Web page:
The Importance of a Coach and a Mentor in the Lives of Youth (Part Two)
In part two of our three part series on the benefits of mentoring and coaching youth, we’ll look at who needs it most and why.
It is estimated that over 40% of teens’ waking hours are spent without adult supervision. That means that nearly half of their time is spent making their own choices. That can be kind of scary. In part one we looked at the consequences of youth not utilizing mentoring or coaching opportunities. By seeking out their own role models, teens may gravitate to a less-than-ideal person to emulate. This is a common cry for help and where mentoring is needed most.
Chuck Horton has seen first-hand how mentoring can turn around the life of a young person. The Duluth, Minnesota boxing coach has been charged over the years with mentoring a number of youth popping up in the juvenile offender system. These kids desperately need mentoring and coaching, and Horton provides it. Through his Golden Gloves program he brings them into the gym and teaches them discipline and the sport of boxing. There are also life lessons too plentiful to count as the older boxers share their stories of the struggles of sobriety and life on the straight and narrow.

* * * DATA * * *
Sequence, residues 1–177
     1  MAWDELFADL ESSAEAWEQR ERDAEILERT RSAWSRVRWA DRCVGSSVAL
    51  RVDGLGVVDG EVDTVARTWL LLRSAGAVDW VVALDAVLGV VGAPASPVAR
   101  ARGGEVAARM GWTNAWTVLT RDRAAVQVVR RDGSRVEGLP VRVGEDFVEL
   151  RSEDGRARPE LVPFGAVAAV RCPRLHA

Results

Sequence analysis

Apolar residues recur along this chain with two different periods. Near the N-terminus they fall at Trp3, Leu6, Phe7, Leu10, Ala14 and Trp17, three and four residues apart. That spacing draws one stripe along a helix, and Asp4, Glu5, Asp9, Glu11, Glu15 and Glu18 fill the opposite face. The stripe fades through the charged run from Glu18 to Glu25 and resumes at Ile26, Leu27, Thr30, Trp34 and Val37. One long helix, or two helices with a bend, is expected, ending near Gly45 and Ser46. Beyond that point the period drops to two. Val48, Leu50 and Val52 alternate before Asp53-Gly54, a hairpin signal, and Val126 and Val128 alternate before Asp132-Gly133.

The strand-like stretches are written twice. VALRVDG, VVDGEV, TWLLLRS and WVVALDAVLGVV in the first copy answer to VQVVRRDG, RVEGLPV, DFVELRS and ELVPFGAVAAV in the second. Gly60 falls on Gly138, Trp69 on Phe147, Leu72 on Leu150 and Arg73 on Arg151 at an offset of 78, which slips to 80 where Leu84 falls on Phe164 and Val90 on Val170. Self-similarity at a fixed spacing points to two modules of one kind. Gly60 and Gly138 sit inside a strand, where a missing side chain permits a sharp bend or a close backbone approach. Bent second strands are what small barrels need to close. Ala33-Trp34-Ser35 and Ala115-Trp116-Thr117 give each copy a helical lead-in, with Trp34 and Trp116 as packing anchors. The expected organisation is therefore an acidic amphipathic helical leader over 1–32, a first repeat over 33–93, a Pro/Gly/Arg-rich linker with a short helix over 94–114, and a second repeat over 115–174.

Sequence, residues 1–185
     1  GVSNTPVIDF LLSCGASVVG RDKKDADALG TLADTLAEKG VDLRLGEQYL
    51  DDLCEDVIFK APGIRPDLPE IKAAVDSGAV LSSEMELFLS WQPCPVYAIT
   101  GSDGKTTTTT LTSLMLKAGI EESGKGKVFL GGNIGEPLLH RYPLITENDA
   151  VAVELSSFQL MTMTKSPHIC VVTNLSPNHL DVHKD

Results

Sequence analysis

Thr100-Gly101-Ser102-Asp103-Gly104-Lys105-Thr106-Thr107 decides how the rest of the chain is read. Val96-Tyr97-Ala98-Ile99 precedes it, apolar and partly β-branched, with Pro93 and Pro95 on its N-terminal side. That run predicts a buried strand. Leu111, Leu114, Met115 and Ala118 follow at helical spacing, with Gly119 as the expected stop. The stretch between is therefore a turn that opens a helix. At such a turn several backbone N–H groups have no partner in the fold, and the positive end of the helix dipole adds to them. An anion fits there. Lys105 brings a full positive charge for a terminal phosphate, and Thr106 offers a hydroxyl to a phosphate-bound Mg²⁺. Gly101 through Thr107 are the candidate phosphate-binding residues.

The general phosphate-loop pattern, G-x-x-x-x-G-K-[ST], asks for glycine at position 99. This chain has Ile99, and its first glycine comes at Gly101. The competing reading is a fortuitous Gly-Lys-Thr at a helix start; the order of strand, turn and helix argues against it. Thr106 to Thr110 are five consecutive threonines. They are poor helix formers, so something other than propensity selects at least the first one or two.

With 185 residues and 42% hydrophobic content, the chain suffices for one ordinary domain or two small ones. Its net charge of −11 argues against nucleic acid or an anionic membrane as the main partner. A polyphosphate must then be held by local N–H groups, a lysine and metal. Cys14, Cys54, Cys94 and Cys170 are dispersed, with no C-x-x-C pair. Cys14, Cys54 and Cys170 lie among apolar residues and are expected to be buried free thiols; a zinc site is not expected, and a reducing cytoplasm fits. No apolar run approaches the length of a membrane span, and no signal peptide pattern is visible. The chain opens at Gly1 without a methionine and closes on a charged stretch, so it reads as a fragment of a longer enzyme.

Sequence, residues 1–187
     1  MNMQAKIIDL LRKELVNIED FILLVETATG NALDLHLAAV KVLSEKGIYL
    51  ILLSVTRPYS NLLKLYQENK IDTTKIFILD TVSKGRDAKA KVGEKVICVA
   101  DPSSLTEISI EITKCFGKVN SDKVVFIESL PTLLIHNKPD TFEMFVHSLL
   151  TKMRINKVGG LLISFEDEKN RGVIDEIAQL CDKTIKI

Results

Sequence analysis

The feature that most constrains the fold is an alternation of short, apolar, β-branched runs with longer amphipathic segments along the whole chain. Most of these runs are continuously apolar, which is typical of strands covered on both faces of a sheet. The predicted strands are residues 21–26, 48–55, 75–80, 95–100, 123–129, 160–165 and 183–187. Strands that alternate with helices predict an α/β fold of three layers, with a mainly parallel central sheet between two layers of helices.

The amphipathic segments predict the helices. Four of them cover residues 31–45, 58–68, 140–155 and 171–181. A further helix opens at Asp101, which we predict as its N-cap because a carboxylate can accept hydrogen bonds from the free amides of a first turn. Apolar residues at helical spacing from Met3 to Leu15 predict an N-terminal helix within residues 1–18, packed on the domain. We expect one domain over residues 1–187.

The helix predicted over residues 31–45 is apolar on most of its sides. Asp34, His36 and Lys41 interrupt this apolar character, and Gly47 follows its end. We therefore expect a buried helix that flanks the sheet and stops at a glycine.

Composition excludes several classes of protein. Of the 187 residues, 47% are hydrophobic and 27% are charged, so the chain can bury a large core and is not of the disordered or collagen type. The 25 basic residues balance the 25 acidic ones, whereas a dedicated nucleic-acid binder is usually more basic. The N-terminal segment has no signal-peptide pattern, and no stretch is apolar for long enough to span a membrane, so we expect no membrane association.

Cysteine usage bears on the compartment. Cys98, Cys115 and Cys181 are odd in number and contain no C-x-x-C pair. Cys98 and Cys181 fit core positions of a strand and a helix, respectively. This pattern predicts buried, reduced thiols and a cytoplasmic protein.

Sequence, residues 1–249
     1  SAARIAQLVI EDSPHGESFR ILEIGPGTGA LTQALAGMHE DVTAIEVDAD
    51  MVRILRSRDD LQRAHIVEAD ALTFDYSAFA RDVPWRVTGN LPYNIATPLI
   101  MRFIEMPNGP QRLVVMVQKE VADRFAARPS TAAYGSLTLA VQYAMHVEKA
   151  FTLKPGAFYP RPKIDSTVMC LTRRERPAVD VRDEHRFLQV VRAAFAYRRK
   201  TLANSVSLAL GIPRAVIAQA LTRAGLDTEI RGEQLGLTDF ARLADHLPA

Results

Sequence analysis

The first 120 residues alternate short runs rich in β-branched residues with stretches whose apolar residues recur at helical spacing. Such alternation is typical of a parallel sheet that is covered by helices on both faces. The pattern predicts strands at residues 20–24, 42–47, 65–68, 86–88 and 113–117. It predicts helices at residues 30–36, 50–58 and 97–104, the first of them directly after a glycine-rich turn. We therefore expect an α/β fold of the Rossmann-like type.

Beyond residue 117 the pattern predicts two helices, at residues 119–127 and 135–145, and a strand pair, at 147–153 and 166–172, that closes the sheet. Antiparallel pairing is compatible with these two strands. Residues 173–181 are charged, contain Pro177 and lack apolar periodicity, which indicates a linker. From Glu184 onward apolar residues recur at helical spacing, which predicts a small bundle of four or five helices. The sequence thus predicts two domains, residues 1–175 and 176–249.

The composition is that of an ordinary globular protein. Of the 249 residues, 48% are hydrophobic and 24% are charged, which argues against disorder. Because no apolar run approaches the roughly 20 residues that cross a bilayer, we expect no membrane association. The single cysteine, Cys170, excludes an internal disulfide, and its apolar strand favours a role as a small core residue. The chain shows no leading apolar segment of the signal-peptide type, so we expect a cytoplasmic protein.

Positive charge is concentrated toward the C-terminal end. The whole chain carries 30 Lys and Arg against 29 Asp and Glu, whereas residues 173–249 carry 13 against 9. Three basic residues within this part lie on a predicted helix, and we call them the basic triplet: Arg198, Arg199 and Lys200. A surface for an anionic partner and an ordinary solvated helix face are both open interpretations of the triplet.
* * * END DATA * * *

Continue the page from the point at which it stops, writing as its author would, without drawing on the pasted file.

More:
Many of the youth Horton sees come from disadvantaged or single parent homes. They may be in that category of having too much time unsupervised and find themselves in with a bad crowd. But that could happen to anyone, at any socio-economic level, in any neighborhood. Sometimes kids are just struggling to find their niche, their band-of-brothers with whom they can bond and grow.
Horton is happy to provide such a place and the boxing coach has done it many times, developing some into world ranked athletes. He has taken teens and stripped them of their bad habits, their negativity, and their penchant for making bad choices. Through mentoring and coaching he instills in them self confidence and positive beliefs. By using physical conditioning, conversation, and mental exercises he has helped to turn their lives around. Often times just when they needed it most.